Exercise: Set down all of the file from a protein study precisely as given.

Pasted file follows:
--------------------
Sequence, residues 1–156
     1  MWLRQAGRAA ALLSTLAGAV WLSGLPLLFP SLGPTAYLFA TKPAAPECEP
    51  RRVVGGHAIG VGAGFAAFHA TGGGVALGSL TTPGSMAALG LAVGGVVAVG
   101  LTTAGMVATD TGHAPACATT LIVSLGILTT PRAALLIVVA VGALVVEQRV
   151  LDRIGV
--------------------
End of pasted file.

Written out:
Sequence, residues 1–156
     1  MWLRQAGRAA ALLSTLAGAV WLSGLPLLFP SLGPTAYLFA TKPAAPECEP
    51  RRVVGGHAIG VGAGFAAFHA TGGGVALGSL TTPGSMAALG LAVGGVVAVG
   101  LTTAGMVATD TGHAPACATT LIVSLGILTT PRAALLIVVA VGALVVEQRV
   151  LDRIGV